"You have to judge something like this with some degree of hindsight," he said, "and I think when it's all said and done, the treasurer will have demonstrated that it's been a level playing field and that he has in fact spread the business around."
But, as one state official pointed out, some firms would be disgruntled no matter what decision the treasurer had made on the syndicate. And, the disgruntlement aside, things look good for this second major GO offering of the Malone administration.
Market perception of the state's offering seemed to be on an upswing yesterday, amid rumors that Standard & Poor's Corp. or Moody's Investors Service, the rating agencies that assign the lowest ratings to Massachusetts bonds, could change their assessment of the state's debt.
Massachusetts bonds traded up yesterday on teh rumblings of possible rating changes. Officials from Standard & Poor's did not return telephone calls by press time. And George W. Leung, managing director for state ratings at Moody's, said that a decision was not likely before Friday.
At Fitch Investors Service, the rating agency that has steadfastly maintained an A-plus rating on Massachusetts bonds, it was a moment of some triumph. "I guess I would say that our rating's been vindicated," said Executive Managing Director Claire G. Cohen. "It's probably a little bit early to say much of anything, although it would seem to me that the commonwealth has stabilized a great deal."
Triet Nguyen, a municipal bond fund manager at the Putnam Companies, said that a rating change, at this point, would be too soon. "That would be a fairly bad precedent to even talk about, with only six months of balanced operations," Mr. Nguyen said. "But i think that [the rumors of an upgrade] may help the issue, anyway."
Mr. Nguyen said the expected that the 20-year bonds in the issue could offer yields on the order of 7.15% to 7.20%. "It may get lower than that because there are not a lot of term bonds," he added. According to Mr. Higgins, Massachusetts bonds are already trading as though they had A ratings. "The market has already viewed this as a turn-around situation, and it is more of an A-rated bond," Mr. Higgins said.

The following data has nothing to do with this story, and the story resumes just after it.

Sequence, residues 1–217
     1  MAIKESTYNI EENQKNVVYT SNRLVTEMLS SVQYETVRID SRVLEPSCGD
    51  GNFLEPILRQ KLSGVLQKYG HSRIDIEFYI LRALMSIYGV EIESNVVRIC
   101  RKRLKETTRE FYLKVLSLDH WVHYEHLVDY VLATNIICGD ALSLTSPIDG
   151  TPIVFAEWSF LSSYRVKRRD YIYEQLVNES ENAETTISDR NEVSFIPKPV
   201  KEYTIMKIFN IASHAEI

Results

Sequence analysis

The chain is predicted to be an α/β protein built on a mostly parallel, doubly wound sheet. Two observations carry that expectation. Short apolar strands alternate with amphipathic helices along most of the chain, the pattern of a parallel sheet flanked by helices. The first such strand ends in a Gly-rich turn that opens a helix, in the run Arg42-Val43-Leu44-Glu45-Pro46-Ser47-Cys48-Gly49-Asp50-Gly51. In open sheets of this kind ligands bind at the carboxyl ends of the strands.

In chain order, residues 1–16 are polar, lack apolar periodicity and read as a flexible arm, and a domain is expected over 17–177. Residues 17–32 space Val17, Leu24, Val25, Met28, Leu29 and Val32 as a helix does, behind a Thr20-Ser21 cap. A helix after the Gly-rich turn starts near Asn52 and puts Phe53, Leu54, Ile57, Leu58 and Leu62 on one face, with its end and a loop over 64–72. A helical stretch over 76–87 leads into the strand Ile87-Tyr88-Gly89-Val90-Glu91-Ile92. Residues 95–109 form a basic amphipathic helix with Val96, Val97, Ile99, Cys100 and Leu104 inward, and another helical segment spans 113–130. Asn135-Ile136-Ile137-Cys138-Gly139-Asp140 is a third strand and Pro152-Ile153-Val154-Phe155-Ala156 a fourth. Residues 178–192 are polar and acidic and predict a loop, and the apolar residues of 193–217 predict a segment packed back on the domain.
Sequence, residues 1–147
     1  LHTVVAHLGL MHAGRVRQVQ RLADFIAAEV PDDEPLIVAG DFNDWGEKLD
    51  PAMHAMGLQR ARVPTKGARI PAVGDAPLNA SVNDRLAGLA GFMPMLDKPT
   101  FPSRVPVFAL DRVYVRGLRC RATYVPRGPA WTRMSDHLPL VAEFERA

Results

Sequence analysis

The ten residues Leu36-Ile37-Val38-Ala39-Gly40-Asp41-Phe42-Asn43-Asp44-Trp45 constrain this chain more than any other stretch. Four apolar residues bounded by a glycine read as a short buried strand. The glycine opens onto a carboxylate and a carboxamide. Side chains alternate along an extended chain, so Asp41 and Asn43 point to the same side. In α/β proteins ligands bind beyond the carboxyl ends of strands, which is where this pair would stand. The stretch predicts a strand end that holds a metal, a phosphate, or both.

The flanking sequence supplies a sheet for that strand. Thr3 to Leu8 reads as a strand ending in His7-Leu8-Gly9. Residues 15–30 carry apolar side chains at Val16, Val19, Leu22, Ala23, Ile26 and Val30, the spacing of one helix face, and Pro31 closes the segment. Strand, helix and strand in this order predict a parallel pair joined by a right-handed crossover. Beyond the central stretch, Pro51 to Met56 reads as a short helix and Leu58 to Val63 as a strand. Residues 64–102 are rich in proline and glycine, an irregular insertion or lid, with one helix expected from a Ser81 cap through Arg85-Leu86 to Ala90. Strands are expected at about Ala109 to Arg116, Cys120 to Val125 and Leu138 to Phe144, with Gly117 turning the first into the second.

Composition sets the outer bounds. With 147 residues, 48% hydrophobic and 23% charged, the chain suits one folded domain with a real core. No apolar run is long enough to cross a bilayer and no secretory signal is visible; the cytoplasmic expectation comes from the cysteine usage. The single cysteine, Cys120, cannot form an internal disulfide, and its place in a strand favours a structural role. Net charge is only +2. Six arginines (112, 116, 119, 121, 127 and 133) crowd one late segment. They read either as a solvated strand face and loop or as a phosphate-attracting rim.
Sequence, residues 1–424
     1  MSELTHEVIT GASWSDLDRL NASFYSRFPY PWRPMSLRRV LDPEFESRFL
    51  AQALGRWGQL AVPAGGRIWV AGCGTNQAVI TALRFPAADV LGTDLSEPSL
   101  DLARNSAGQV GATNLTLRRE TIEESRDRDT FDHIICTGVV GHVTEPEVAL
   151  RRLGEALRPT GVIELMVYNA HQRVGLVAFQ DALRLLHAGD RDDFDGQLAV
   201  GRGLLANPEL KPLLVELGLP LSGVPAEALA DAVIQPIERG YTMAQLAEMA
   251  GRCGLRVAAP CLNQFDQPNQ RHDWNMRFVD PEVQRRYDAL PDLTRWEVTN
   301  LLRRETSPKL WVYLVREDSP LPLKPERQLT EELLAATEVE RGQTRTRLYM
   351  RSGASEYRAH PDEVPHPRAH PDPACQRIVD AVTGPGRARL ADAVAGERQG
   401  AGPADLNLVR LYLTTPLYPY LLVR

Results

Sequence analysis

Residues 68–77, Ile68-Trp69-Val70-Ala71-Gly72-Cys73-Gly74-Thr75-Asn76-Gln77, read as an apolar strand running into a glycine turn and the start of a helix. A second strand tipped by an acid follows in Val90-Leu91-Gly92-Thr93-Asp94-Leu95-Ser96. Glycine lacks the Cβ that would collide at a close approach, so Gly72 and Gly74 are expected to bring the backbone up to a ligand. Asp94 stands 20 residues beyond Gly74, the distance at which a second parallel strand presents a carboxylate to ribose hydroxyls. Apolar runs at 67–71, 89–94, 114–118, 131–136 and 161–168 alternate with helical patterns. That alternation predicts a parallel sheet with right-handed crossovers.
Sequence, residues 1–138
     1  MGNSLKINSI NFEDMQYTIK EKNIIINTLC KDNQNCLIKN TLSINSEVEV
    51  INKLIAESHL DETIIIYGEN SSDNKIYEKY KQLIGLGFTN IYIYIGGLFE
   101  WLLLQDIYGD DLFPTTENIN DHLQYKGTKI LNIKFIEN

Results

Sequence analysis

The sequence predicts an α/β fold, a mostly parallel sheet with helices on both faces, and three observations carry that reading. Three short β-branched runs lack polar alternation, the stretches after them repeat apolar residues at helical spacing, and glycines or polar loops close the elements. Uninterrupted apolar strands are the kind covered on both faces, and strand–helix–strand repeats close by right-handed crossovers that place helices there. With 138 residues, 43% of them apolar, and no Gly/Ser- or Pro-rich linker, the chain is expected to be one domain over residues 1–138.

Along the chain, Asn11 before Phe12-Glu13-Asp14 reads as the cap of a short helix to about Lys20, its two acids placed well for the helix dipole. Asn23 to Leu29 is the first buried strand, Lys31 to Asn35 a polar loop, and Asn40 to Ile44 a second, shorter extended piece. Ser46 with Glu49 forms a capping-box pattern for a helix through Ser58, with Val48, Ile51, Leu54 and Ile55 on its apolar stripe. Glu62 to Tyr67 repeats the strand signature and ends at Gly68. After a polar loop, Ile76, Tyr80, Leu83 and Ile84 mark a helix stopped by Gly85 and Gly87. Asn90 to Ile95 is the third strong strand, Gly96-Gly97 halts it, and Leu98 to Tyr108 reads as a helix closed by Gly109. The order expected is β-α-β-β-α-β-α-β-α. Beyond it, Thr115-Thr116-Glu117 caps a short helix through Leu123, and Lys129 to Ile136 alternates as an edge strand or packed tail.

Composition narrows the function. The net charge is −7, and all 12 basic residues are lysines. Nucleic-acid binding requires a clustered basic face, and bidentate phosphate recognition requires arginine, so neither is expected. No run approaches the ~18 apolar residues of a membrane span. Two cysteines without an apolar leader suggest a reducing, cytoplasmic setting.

One banker close to the deal predicted that it would come to market yielding 6 7/8% to 7% on the long end, if insured, and 7 1/8% to 7 1/4% if uninsured. In late secondary trading yesterday, bellwether 7% bonds of the New York Local Government Assistance Corp. due in 2016 were quoted up 1/8 point on the day to yield approximately 7.11%. The bonds are rated A-plus by Fitch and Standard & Poor's and A by Moody's
Mr. Malone, who visited Wall Street yesterday with Administration and Finance Secretary Peter Nessen and First Deputy Treasurer Thomas H. Trimarco, said the use of insurance on the deal was still being discussed.
Meetings with Fitch and Moody's here yesterday afforded Mr. Malone the chance to "state the case that things are improving in Massachusetts." But, he added, "we don't want to anticipate any upgrades at this juncture. We just want to let the process take its course."
Staff reporter Sean Monsarrat also contributed to this article.